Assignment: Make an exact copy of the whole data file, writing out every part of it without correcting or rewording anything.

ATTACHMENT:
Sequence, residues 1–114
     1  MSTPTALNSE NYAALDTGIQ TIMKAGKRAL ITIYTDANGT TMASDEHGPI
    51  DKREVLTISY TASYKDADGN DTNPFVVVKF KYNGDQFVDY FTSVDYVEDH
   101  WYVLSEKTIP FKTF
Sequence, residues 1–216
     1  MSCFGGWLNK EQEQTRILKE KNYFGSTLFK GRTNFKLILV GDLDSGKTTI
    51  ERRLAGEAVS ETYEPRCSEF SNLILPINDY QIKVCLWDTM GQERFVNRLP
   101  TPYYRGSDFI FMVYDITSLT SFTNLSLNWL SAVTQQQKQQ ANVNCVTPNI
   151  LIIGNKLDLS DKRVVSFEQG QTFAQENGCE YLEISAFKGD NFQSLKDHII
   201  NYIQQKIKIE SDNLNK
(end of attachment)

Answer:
Sequence, residues 1–114
     1  MSTPTALNSE NYAALDTGIQ TIMKAGKRAL ITIYTDANGT TMASDEHGPI
    51  DKREVLTISY TASYKDADGN DTNPFVVVKF KYNGDQFVDY FTSVDYVEDH
   101  WYVLSEKTIP FKTF
Sequence, residues 1–216
     1  MSCFGGWLNK EQEQTRILKE KNYFGSTLFK GRTNFKLILV GDLDSGKTTI
    51  ERRLAGEAVS ETYEPRCSEF SNLILPINDY QIKVCLWDTM GQERFVNRLP
   101  TPYYRGSDFI FMVYDITSLT SFTNLSLNWL SAVTQQQKQQ ANVNCVTPNI
   151  LIIGNKLDLS DKRVVSFEQG QTFAQENGCE YLEISAFKGD NFQSLKDHII
   201  NYIQQKIKIE SDNLNK